Home Features American-Born Lady Who Decided To Relocate To Nigeria

American-Born Lady Who Decided To Relocate To Nigeria

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ADVERTISEMENT You are here: Home / Feature / Jebose Boulevard / American dream died years ago –Andrea Kamara, young, black and American American dream died years ago –Andrea Kamara, young, black and American May 2, 2015 : Azuka Jebose Molokwu 25 Comments [print] Andrea Kamara Andrea Kamara Every young Nigerian or person from any African country, dreams of an enchanting life in America. Some successful young Nigerians have sold their wealth for the desire to live in America, “God’s own country.” It can be frustrating and to some extent, disappointing, explaining to young Nigerians that in America, life is not as fascinating as they imagined. Life is hard work and hard life, despite being a structured and functional society. Thus, it is rare to find a young African, born in UnitedAndrea Kamara

ADVERTISEMENT You are here: Home / Feature / Jebose Boulevard / American dream died years ago –Andrea Kamara, young, black and American American dream died years ago –Andrea Kamara, young, black and American May 2, 2015 : Azuka Jebose Molokwu 25 Comments       [print] Andrea Kamara Andrea Kamara Every young Nigerian or person from any African country, dreams of an enchanting life in America. Some successful young Nigerians have sold their wealth for the desire to live in America, “God’s own country.” It can be frustrating and to some extent, disappointing, explaining to young Nigerians that in America, life is not as fascinating as they imagined. Life is hard work and hard life, despite being a structured and functional society. Thus, it is rare to find a young African, born in UnitedAndrea Kamara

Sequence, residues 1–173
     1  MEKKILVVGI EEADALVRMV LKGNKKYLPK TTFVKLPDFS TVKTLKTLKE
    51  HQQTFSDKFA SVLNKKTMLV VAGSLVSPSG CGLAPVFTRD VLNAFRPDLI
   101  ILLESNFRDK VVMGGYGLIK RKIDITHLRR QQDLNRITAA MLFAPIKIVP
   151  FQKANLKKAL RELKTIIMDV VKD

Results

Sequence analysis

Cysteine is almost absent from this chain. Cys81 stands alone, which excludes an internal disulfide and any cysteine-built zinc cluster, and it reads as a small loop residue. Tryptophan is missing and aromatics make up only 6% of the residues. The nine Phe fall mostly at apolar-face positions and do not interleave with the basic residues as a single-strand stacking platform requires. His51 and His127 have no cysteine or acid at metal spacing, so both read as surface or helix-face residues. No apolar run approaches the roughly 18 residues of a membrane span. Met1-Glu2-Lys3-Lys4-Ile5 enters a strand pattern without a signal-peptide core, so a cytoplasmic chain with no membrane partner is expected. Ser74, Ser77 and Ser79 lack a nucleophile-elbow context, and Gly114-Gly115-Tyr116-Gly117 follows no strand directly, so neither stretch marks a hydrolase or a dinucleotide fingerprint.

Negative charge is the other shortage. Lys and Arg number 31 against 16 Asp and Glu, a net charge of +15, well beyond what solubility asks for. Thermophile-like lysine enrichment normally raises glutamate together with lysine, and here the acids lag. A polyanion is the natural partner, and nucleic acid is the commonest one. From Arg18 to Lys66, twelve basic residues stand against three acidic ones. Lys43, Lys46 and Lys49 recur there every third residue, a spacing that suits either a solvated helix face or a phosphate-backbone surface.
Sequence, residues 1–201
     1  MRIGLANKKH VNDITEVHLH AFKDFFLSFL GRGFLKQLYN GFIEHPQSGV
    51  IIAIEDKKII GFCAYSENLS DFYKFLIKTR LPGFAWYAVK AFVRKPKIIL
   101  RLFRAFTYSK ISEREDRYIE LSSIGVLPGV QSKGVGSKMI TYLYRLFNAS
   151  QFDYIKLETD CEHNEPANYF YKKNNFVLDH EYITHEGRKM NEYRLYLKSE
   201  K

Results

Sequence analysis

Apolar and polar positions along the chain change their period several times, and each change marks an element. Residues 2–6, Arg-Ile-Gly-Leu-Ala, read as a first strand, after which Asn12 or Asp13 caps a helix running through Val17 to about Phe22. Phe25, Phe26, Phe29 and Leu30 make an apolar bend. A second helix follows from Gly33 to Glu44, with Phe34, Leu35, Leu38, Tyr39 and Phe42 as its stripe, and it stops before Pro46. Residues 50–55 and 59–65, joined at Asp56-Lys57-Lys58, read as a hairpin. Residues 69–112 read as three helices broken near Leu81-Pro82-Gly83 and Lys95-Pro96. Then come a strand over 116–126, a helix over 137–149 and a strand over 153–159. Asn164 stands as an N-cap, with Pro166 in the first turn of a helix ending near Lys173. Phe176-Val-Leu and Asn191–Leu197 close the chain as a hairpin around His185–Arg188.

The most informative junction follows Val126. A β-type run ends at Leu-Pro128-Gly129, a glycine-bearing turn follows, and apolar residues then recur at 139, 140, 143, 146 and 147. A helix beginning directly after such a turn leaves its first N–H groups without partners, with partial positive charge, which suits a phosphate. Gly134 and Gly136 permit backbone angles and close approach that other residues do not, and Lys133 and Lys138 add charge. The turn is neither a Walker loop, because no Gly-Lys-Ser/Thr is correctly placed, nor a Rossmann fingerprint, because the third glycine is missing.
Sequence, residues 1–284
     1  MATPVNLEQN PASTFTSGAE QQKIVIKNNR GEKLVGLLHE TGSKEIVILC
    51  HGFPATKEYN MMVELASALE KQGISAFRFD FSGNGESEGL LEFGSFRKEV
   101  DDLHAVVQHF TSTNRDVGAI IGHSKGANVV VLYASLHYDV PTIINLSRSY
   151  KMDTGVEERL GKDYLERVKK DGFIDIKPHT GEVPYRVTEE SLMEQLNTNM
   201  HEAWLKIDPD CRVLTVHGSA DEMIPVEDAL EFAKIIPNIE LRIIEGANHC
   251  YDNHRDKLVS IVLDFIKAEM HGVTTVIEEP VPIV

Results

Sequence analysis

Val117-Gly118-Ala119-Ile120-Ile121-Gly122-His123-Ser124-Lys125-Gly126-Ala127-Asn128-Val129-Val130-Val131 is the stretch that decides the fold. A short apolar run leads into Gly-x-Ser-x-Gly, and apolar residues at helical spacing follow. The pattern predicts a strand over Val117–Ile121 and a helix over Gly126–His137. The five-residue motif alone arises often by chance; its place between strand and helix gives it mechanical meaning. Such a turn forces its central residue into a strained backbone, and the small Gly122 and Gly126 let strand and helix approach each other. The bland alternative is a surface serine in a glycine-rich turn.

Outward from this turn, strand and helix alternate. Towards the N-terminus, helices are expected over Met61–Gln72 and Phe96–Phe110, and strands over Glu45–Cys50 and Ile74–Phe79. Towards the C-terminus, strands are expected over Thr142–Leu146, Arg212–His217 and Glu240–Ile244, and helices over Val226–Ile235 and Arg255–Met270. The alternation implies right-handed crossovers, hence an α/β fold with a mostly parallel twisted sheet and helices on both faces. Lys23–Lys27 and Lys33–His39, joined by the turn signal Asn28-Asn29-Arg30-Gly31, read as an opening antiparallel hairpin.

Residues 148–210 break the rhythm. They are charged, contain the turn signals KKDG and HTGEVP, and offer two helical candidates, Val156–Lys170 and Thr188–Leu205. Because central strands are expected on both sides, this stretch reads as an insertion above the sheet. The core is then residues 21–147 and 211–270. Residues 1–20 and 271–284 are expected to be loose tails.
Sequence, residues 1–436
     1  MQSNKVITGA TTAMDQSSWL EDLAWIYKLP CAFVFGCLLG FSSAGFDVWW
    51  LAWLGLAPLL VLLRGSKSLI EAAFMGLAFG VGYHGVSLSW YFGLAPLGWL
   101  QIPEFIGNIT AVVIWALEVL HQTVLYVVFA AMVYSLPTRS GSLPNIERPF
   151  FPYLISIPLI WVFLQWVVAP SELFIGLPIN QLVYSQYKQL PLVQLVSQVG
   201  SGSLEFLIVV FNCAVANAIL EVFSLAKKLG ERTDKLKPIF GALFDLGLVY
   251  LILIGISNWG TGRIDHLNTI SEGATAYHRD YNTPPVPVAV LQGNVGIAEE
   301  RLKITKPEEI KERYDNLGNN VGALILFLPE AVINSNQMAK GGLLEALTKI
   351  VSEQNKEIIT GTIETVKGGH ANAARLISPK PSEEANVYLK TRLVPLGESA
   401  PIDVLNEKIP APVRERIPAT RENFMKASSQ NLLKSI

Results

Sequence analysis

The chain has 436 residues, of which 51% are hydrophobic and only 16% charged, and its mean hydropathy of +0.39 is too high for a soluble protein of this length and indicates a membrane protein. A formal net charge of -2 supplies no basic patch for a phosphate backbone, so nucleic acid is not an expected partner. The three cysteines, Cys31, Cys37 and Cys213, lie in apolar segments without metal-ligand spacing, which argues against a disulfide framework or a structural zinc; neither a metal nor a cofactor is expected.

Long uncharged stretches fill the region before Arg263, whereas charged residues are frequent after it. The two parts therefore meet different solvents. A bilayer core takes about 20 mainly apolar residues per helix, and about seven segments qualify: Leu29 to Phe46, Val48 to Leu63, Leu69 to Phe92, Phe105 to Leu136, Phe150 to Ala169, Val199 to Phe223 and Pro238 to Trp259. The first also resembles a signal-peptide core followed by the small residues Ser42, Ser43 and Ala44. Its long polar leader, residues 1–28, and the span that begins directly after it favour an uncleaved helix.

Andrea Kamara
Every young Nigerian or person from any African country, dreams of an enchanting life in America. Some successful young Nigerians have sold their wealth for the desire to live in America, “God’s own country.” It can be frustrating and to some extent, disappointing, explaining to young Nigerians that in America, life is not as fascinating as they imagined. Life is hard work and hard life, despite being a structured and functional society.

Thus, it is rare to find a young African, born in United States by immigrant African parents, exposed to the privileges provided to young Americans by that system, to abandon the land of opportunity for a troubled continent of Africa, especially a challenging nation as Nigeria, to start life anew.
Andrea Kamara was born in Rhode Island, by Liberian parents. Five years ago, she graduated from Howard University in Washington D.C, where she majored in Journalism and Public Relations. Andrea has always been mesmerised by life in Nigeria. Her mother had always reminded her every day while growing up about her unique heritage in Africa. After graduation, she moved to Nigeria and vowed never to look back. At 25 and an emerging successful young Nigerian entrepreneur, Andrea shares with Jebose Boulevard why Nigeria is a dreamland for those that dare to be different.